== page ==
Texas Lawsuit Could Bankrupt Planned Parenthood


The exterior of a Planned Parenthood Reproductive Health Services Center is seen on May 28, 2019 in St Louis, Missouri.
(Photo by Michael B. Thomas/Getty Images)


A pivotal lawsuit argued in a Texas federal court on Tuesday might compel Planned Parenthood to repay more than $1 billion in Medicaid payments and penalties. The ramifications of a verdict in the state’s favor could be dire, leading to the bankruptcy of all Texas affiliates and the subsequent closure of the state’s remaining Planned Parenthood clinics.

“This lawsuit was brought with the sole goal of shutting down Planned Parenthood,” the organization declared in a statement.

Notably, the lawsuit was instigated by an unidentified whistleblower from the anti-abortion organization, the Center for Medical Progress. This group is infamously known for its 2015 release of a video—which was later discredited—that purportedly showed Planned Parenthood illegally selling aborted fetal tissue for medical research.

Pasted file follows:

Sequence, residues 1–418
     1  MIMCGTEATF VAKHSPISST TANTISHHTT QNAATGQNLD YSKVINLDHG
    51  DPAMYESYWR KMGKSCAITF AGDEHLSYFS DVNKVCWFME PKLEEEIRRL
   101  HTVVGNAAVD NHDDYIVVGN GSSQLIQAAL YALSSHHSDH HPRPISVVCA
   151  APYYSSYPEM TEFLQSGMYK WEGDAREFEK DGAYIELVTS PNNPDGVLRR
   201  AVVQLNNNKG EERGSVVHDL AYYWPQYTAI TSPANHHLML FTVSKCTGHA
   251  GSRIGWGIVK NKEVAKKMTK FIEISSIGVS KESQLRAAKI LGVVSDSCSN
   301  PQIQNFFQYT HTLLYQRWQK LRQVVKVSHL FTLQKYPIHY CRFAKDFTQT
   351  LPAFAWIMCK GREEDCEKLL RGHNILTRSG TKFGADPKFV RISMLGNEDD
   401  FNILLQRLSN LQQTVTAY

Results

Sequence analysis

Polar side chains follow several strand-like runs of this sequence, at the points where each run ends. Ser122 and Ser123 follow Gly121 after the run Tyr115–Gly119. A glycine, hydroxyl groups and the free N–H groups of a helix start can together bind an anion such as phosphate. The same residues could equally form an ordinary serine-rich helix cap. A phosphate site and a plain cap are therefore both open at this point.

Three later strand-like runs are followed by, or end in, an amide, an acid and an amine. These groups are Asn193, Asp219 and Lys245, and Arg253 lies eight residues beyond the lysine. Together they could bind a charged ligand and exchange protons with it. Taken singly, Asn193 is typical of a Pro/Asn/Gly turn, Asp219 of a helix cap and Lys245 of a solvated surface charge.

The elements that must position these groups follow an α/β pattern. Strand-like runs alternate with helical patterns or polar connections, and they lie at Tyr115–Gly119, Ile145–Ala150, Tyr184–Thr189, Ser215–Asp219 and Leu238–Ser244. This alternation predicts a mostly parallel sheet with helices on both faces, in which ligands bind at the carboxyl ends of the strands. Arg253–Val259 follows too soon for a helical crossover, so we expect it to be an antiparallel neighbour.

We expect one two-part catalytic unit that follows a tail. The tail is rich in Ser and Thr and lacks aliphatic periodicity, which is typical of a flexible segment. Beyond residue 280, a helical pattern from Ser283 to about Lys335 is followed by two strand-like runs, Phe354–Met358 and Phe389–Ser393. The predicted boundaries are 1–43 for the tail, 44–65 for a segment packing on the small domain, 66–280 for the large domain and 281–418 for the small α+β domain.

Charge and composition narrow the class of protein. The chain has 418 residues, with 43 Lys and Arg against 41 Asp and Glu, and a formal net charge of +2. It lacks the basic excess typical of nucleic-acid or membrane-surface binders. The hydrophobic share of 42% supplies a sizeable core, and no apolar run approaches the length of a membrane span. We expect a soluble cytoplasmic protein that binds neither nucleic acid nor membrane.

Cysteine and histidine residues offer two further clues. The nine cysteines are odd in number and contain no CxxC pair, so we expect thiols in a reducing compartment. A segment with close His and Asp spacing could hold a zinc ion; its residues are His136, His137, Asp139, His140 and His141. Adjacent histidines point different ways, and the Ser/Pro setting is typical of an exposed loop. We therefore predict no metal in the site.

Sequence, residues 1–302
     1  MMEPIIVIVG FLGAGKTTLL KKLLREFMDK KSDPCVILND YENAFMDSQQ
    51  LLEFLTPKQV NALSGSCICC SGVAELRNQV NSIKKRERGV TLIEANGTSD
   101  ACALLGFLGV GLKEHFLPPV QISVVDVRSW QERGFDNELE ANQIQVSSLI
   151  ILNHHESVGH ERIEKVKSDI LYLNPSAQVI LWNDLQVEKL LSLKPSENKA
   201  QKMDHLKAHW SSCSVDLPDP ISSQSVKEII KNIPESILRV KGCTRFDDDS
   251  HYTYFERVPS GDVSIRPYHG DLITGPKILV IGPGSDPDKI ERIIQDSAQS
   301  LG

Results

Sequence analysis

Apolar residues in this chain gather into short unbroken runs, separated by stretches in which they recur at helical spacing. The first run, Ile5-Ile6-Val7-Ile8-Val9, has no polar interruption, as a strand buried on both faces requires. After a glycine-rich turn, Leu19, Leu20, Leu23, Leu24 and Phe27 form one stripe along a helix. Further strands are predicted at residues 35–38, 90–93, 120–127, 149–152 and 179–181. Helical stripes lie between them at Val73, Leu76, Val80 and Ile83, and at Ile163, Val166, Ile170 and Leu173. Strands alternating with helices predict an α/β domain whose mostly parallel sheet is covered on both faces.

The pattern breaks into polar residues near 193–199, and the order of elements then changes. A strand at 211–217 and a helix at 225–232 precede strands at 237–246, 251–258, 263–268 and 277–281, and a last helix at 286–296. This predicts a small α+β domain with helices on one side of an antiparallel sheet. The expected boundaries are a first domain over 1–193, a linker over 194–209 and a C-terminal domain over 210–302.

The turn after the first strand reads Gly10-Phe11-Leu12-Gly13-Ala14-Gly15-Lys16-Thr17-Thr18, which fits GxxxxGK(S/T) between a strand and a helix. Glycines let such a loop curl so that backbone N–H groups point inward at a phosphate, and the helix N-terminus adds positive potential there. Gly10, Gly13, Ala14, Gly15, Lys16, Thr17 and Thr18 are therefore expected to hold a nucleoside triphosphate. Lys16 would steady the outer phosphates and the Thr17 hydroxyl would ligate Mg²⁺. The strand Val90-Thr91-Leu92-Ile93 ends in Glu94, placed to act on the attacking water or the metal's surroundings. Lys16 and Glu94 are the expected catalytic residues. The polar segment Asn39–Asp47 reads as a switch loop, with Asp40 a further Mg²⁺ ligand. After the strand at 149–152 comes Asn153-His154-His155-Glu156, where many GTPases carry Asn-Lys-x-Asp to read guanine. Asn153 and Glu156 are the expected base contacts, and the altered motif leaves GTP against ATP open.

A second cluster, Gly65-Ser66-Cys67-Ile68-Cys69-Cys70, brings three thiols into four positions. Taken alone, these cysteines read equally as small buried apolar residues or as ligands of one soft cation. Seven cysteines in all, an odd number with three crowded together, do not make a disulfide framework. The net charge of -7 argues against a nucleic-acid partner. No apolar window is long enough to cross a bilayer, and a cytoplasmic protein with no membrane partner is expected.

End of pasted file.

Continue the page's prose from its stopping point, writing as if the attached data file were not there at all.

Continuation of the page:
Texas, with the backing of Attorney General Ken Paxton, asserts that Planned Parenthood committed Medicaid fraud. The allegations pinpoint a period when Planned Parenthood was combating Texas’ move to sever its Medicaid funding ties, yet continued to bill the state for health services. Under the False Claims Act, Texas seeks to recover roughly $17 million in Medicaid payments and an additional $1 billion in penalties.

Interestingly, the False Claims Act not only facilitates fines for each fraudulent transaction but also enables private citizens to litigate on behalf of the U.S. and share in the recovered amount.

However, the political landscape complicates matters. Attorney General Paxton is temporarily out of office, pending an impeachment trial for alleged bribery and misuse of office.

Planned Parenthood’s stance remains firm. Alexis McGill Johnson, the organization’s president, described the lawsuit as baseless and termed it an “existential threat” to its Texas affiliates. “This is a political charge to try to bankrupt health care in the state of Texas,” McGill Johnson commented. She further stressed that an adverse ruling would obstruct Texans from accessing vital health services, such as cancer screenings and birth control, provided by Planned Parenthood.

Currently, Planned Parenthood runs approximately 35 clinics through its three Texas affiliates.


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